Employers are required to submit to their employees a withholding form/certificate, on which the employee documents and confirms their filing status and their number of exemptions. Employers then are required to use this information to determine the statutorily withholding based upon withholding tables required by the IRS and varying states. The withholding certificate for the IRS and Georgia are a W-4 and G-4 form respectively. It is the employees responsibility to complete these forms and then for the employer to withhold these amounts as directed. All withholding taxes are taken out of an employee’s check and then remitted over to the respective taking authority. In this capacity, an employer is required to act in a fiduciary capacity in the withholding and payment of these monies.
Unemployment Insurance/Department of Labor
Both the IRS and the state of Georgia assess against employers an unemployment tax. This tax is paid exclusively by the company, and there are no required withholding or additional taxes being paid by the employee. Both the IRS and Georgia limit the amount of taxes a company will pay on any given employee to a maximum salary amount per year. These monies/taxes are due on the first wages paid a particular employee in any given calendar year. While the IRS assessment rate/percentage is statutory the rate to Georgia fluctuates based upon an individual companies claims experience.
FICA insurance is taken out of an employee’s paycheck and then is matched by the employer. Like withholdings, FICA taxes taken out of an employees paycheck are treated as fiduciary monies and are required to be submitted over to the IRS with rigidly defined dates, dorms and reporting format and method of payment. FICA insurance withholdings are calculated based on a prescribed statutory rate and the maximum amount of salary this is based upon is annually indexed for inflation. These monies are given over to the Social Security Administration for monthly periodic payments to those who qualify when they retire or become disabled.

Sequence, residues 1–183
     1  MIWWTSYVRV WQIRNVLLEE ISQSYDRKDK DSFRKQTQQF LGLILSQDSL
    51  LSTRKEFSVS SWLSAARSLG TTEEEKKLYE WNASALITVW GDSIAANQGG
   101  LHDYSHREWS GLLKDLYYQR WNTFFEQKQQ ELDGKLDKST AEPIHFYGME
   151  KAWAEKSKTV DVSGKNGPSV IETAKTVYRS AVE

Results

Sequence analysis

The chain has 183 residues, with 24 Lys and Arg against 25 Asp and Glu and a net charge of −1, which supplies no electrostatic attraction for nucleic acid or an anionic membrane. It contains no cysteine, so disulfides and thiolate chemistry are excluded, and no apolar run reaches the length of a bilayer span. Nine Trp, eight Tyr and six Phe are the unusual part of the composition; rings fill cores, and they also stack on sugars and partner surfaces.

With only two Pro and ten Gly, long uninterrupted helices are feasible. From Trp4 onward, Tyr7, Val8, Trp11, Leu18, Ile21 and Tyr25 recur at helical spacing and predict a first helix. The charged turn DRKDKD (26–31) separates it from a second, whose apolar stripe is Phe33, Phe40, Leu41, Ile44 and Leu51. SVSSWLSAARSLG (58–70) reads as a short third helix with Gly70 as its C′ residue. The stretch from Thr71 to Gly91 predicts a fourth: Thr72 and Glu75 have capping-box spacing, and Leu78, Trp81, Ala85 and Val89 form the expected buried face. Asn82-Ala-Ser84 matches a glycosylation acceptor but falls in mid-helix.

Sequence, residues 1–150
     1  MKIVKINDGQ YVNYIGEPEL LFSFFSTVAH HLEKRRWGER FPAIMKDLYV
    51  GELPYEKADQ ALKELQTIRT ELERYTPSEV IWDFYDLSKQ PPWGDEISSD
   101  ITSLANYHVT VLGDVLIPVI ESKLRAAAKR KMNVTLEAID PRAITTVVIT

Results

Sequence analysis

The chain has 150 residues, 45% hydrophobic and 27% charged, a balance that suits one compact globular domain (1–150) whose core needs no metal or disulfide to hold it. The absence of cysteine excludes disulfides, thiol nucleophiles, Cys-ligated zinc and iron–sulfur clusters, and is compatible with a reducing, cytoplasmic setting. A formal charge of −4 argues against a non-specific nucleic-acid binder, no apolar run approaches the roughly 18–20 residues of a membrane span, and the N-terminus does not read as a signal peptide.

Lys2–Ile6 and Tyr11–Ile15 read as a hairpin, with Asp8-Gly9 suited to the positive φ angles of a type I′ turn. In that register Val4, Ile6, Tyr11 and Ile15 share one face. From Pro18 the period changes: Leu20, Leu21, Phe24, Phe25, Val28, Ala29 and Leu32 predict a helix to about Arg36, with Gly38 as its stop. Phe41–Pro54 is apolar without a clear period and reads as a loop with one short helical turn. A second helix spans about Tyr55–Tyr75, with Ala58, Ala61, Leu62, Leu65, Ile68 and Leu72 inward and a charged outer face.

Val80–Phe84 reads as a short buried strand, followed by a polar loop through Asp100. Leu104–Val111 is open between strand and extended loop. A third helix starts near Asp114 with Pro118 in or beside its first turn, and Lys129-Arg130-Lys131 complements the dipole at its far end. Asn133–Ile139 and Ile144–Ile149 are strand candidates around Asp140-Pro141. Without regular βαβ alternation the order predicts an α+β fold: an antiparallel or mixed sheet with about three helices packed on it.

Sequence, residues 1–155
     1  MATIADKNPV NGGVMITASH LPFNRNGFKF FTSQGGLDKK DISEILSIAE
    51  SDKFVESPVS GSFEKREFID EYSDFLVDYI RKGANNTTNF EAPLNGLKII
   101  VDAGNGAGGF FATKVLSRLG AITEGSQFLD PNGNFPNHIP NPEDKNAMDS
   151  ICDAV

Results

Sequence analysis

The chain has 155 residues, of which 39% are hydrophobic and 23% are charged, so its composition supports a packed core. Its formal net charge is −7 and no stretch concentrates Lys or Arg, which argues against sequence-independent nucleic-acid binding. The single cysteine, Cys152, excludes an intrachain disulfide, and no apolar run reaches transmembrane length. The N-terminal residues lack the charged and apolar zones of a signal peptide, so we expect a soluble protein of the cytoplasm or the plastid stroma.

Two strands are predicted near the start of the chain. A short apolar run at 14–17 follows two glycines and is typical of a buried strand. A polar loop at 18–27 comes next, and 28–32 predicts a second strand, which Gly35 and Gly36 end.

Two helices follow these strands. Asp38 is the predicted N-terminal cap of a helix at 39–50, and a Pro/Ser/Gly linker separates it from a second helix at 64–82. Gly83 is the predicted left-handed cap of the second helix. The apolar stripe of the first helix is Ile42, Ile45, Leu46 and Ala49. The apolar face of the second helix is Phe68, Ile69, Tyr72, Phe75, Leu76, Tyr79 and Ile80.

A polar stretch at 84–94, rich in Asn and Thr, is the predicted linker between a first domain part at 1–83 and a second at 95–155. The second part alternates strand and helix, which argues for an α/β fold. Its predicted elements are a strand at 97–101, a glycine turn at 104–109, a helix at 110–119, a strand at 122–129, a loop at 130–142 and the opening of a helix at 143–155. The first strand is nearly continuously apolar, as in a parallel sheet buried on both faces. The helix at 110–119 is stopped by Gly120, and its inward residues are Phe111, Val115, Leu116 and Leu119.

Medicare Insurance also is an amount an employee is required to be withheld out of their salary and is in turn matched by their employer. Medicare taxes, FICA and federal withholding are all reported and paid concurrently. However, unlike FICA taxes, which are only assessed up to a specified annual amount, Medicare taxes are assessed on all of one’s earned income (W-2 wages) regardless of the amount. Medicare monies are then used to pay for medical expenses for those who qualify.
Electronic Filing EFTPS
EFTPS is the procedure and process that the IRS specifies employers to use to report and pay all payroll taxes. EFTPS is where employers report and pay IRS monies electronically and via magnetic media.
Because of the many varying reporting formats, forms, methods and electronic reporting requirements, it is most advisable that all employers (regardless of size) utilize and retain a payroll service to handle all of its payroll needs. Payroll companies will not only process the actual paychecks themselves, but also prepare the required payroll reports and make the needed tax payments. This process is relatively seamless as most all payroll companies debit your account for the required payroll taxes at the time of payroll check processing. Payroll companies also have the ability to make electronic payments directly to an employee’s account thereby saving time and money.
Small Business Health Care Credit
If you business has an average salary of less than $50,000 (not counting owners, their family members and those not on your medical insurance plan), have less than 25 Full Time Equivalents (FTE’s) and provide over 50% of the insurance for all employees you may qualify for the Small Business Health Care Tax Credit. If you think you might qualify please forward the amount of net medical insurance premiums paid by employee (after deducting the amounts an employee paid) along with whether their medical coverage is Single or Family. To read more about the credit http://www.hiscpa.com/health-care-credit.html